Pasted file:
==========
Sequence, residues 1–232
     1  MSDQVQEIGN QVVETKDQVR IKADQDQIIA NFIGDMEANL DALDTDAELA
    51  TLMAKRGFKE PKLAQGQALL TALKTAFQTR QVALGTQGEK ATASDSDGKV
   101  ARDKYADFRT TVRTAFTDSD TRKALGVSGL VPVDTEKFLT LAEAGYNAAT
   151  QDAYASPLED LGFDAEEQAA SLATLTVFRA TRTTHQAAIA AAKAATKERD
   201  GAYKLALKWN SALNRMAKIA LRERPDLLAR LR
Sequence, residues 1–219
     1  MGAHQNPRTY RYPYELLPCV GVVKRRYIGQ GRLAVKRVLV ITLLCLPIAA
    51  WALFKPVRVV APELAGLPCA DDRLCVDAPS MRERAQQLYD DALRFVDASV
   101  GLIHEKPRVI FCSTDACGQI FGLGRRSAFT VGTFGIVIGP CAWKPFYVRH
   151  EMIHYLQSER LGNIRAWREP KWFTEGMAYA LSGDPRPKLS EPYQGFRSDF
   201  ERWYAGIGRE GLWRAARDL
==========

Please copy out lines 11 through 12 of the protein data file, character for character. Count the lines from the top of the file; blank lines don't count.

   151  EMIHYLQSER LGNIRAWREP KWFTEGMAYA LSGDPRPKLS EPYQGFRSDF
   201  ERWYAGIGRE GLWRAARDL